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Checking and Savings Glossary

A - C | D - L | M - R | S - Z

A – C

Annual Percentage Yield (APY)

A percentage rate that reflects the total amount of interest paid on a deposit account (e.g., checking, savings, CD or IRA). It is based on the interest rate earned on your account and the frequency of compounding for a 365-day period.

Automated Clearing House (ACH)

A nationwide electronic funds transfer system that provides for inter-bank clearing of electronic transactions (i.e., money is moved electronically between banks). Some examples of ACH transactions are Direct Deposit of payroll, Social Security and tax refunds, and direct payment of mortgages and utility bills.

Available Balance

This is the most current record we have about the funds that are available for withdrawal from your account. It includes all deposits and withdrawals that have been posted to your account and it is adjusted throughout the day with your account’s pending transactions that are authorized or known to the bank. If a hold was placed on a recently posted deposit, generally $200 of the deposit will be available for your use, with the remaining funds available when the hold is removed.

Average Daily Balance

The daily ending balance divided by the number of days in the statement cycle.

Bill Pay

An online banking service that offers the convenience and control of managing and paying bills online. With Wells Fargo ® Online Bill Pay, you can pay any company or individual in the U.S., schedule one-time, recurring payments and choose to receive electronic bills from selected billers.

Bounced Check

See Returned Item.

Canceled Check

A check that the bank has paid against money or funds in your account.

Cashier's Check

A check drawn on and issued by the bank. A cashier's check can be used instead of a personal check to guarantee that funds are available for payment.

Certificate of Deposit

See Time Account. Time Deposit or CD.


A written order you have authorized instructing the bank to pay a specific person or entity a specified amount of money from your account.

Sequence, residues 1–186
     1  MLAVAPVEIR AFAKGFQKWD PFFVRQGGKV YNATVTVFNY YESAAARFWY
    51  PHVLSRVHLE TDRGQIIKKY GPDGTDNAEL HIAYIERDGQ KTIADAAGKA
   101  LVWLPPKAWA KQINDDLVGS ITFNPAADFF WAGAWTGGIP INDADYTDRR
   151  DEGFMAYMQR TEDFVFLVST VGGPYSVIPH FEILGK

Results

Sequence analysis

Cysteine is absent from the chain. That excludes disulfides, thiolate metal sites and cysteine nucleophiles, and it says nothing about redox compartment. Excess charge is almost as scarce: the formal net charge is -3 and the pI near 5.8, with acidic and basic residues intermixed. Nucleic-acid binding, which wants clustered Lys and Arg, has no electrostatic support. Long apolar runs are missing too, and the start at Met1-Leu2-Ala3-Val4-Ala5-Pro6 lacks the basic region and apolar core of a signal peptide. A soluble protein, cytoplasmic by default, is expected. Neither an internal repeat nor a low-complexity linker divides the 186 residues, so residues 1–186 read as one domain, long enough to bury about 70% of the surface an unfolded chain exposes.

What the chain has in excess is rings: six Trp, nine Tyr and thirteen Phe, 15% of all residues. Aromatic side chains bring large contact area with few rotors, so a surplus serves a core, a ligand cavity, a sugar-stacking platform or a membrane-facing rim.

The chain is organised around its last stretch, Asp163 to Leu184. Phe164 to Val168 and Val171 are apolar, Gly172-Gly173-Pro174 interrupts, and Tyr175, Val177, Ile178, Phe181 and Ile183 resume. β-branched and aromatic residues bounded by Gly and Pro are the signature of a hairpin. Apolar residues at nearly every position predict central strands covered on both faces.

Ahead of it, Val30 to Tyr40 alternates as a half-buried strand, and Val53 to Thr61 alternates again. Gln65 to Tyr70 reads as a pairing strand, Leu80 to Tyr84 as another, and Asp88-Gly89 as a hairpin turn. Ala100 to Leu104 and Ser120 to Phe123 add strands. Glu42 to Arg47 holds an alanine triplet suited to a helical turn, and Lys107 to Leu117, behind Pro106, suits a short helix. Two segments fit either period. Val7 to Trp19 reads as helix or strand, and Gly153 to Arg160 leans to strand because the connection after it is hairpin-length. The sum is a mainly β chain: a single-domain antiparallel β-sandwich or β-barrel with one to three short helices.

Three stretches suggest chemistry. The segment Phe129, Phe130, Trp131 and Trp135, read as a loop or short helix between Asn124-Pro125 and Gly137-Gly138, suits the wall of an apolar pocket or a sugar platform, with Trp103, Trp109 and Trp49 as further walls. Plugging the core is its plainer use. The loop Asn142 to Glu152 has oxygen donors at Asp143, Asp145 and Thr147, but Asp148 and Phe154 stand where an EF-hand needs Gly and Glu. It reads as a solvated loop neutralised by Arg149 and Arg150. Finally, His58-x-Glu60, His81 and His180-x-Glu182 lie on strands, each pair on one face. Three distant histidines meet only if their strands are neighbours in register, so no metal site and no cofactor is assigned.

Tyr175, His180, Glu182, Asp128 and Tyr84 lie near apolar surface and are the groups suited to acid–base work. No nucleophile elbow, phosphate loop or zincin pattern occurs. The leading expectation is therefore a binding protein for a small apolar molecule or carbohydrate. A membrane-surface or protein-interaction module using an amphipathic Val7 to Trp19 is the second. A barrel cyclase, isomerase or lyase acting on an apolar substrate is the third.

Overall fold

Chip Card

A debit or ATM card that has a chip on the front as well as the traditional magnetic stripe on the back. The  chip provides added security when used at a chip-enabled terminal or ATM and greater global acceptance. Many countries worldwide have adopted chip technology, and it will become the standard for card payments in the U.S. If a merchant or ATM has not yet adopted chip technology, your transaction will be processed using the magnetic stripe as it is today.

Conduit IRA

A separate IRA established with a rollover from an eligible retirement plan.

Coverdell Education Savings Account

Designed to help parents and others fund a child's education. Contributions and earnings may be withdrawn tax-free when used to pay qualified education expenses.

Checking Account

A bank account that allows you to deposit and withdraw money, make point-of-sale purchases and write checks.

Compound Interest

When interest is paid not only on your deposits, but also on the interest that has been paid on your account.


A deposit made to your account that increases your available balance, such as cash or checks.

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D - L

Any item that reduces the balance in your bank account. A check, ATM withdrawal, and Debit Card purchase are all examples of debits.

Debit Card
A card issued by the Bank for making purchases and payments at participating retailers and service providers – including online or by phone. You can also use it to access cash at ATMs. Purchases and payments are deducted from the primary checking account linked to the card. The debit card comes with a chip on the front as well as a traditional magnetic stripe on the back.

To put money into your account.

Direct Deposit
Direct Deposit is a free service that automatically deposits your recurring income received into any Wells Fargo checking or savings account that you choose. Income received from your employer, Social Security, pension and retirement plans, the Armed Forces, VA Benefits, and annuity or dividend payments may all qualify for Direct Deposit.

Excess Activity
Regulation D and Wells Fargo limit certain types of withdrawals and transfers from a savings account to a combined total of six (6) per monthly fee period. If the limit is exceeded, a fee will be assessed. Please refer to the Consumer Account Agreement and the Consumer Account Fee and Information Schedule for details.

Federal Deposit Insurance Corporation (FDIC)
An independent agency of the United States government that protects customers from the loss of their deposits if an FDIC insured financial institution fails.  For information on the amount of insurance afforded depositors and how depositors can maximize the amount of money insured by owning deposit accounts in different ownership categories, please refer to

A fixed amount paid on deposits or a fixed charge for borrowing money, usually a percentage of the amount deposited or borrowed.

Bank deposit accounts that earn interest. An interest-earning account may earn interest at a variable or a fixed interest rate.

Joint Account
A bank account owned by two or more people who are equally responsible for the account.

Linked refers to accounts or services that are tied to or connected to your checking account.

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M - R

Minimum Balance